Laura Hollick and I shot a promotional photo to advertise of her upcoming Creativity Cleanse telecourse. It’s always a pleasure to shoot something that has such a strong concept just from the name. It wasn’t difficult to come up with the idea of a multicolored bath.

Because I had a good idea of what the finished image would look like, I was able to capture all of the elements on the day of the shoot. I knew I wanted the water in the bath to be some kind of color. In Photoshop, it’s relatively easy to change a color to some other color, but to realistically add color to something that doesn’t have color is difficult to do–at least for me, because I’m a photographer, not a painter! Coloring clear water would have been nearly impossible for me. So, we used some tempera paint to tint the water blue. As we added the paint to the tub, I shot a bunch of frames of the blue paint clouding the clear water, just in case they’d come in useful later.

I set up a bare strobe to bounce light off the white ceiling. This gave us some bright and even light from above. Then we experimented with a few different poses to get the base photo. We ended up with the pose below because Laura’s body made an interesting and attractive shape, and we were able to cover everything that needed to be covered. I had Laura swish the water around in the tub before each shot to create some texture in the water and to further obscure herself.

Once I got the images into Photoshop, I started creating the rainbow effect. I tried a few different methods with masking, gradients, and hue and saturation layers. Eventually, I settled on using those images of the paint clouds in the clear water, because they were the only thing that looked organic and realistic enough to create that rainbow bath effect we wanted. I made a composite of several of these clouds, rotating them and shifting their hue and saturation to make them different colors.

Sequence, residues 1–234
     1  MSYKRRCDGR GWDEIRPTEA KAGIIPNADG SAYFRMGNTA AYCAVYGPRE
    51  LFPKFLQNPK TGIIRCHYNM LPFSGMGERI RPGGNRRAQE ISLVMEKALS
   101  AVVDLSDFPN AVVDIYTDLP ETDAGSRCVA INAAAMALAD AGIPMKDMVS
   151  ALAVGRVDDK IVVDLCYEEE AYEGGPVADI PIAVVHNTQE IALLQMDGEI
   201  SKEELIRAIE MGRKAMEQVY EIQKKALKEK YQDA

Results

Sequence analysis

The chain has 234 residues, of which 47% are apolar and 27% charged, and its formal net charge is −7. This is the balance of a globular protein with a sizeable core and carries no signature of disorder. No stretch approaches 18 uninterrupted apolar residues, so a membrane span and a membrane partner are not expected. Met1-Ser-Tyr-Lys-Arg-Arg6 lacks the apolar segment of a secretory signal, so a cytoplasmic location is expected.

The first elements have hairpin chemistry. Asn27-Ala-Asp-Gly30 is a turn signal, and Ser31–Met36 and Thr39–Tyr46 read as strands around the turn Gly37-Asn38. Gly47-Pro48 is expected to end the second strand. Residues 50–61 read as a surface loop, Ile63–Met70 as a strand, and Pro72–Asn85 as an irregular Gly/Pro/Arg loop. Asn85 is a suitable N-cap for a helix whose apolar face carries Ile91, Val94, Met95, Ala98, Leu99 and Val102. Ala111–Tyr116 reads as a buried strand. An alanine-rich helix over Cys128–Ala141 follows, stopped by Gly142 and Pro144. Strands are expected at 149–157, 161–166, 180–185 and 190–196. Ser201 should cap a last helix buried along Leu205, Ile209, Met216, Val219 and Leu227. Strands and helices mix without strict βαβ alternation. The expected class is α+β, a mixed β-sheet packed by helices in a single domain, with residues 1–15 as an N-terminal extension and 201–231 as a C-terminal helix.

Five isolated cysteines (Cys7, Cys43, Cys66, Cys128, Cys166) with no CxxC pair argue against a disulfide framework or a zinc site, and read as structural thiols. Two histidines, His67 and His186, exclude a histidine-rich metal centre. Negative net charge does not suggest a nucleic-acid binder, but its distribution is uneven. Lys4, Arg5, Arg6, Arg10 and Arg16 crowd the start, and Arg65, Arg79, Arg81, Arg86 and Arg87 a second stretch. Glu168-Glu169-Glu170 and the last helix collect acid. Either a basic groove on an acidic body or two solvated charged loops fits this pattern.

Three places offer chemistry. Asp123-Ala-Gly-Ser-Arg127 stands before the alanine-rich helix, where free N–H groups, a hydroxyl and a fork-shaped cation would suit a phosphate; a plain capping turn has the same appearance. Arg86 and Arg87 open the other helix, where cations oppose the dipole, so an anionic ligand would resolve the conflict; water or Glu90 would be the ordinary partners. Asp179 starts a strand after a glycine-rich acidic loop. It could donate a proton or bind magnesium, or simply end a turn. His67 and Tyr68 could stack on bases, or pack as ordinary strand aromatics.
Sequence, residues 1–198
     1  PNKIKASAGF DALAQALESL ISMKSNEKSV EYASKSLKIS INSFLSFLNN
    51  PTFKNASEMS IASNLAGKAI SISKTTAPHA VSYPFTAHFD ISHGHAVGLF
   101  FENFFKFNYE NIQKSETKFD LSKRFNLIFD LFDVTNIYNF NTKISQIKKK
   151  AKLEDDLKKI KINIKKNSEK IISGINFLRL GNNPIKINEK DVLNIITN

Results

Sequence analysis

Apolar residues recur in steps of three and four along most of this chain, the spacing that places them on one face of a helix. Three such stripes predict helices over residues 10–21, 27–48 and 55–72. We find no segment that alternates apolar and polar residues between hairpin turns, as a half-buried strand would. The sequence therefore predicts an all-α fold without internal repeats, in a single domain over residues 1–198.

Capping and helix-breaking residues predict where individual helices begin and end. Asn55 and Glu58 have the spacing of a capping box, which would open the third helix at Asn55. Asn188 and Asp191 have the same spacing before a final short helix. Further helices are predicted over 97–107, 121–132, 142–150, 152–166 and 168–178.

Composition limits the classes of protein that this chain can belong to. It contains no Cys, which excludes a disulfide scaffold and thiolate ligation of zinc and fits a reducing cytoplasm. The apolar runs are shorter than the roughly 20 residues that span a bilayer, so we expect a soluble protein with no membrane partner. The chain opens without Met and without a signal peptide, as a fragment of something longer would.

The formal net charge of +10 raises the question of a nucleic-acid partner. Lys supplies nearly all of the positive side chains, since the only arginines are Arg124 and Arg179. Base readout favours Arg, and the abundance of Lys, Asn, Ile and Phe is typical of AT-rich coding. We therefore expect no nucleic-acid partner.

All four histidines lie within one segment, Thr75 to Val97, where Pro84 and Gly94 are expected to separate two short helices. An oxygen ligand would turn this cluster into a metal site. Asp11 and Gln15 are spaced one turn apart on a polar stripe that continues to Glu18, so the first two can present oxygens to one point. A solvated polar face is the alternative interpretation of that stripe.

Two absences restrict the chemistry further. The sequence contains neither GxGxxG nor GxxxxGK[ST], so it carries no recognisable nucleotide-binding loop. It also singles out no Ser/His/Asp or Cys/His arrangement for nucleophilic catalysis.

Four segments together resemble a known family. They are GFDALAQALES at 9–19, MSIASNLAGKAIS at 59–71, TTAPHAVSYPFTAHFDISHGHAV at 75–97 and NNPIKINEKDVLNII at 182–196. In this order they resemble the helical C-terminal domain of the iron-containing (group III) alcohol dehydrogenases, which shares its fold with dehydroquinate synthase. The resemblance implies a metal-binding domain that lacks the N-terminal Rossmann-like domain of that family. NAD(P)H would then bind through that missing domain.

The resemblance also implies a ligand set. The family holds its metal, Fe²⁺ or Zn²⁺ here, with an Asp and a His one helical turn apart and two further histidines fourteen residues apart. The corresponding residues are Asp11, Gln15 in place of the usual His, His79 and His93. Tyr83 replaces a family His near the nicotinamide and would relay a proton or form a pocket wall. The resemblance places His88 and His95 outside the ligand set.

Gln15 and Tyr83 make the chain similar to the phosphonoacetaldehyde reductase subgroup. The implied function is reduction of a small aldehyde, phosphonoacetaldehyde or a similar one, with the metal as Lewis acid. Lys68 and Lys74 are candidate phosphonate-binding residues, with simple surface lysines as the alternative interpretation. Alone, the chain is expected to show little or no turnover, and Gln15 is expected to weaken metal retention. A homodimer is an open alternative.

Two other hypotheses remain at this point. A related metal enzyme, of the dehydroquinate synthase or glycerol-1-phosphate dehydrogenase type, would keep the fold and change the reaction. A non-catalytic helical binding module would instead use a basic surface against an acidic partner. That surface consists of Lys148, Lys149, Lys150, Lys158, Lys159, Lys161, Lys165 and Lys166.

When layered on top of the bath image, this became the base for the rainbow effect. I used vector masks to allow non-water areas to show through. The Wacom tablet really helps in creating these masks. Touch sensitivity allows you to vary the brush size and pressure so that you can create smooth blends. I added a number of other layers of paint clouds of different colors, using different blending modes until it looked just right. Here’s the layers palette so you can see the various components.

The challenge was to control which colors made it into the finished image, because it had to look bright and not muddy, colorful but not too cluttered. The final image actually didn’t use all of the color layers that I’d created. It was nice to have the options, but in the end, we decided on a simpler color combination that’s really in-line with Laura’s branding.

The final step was to put it into context on a banner that could be used on Laura’s website. I used more paint clouds to make it balance with the text and the white background. Voila!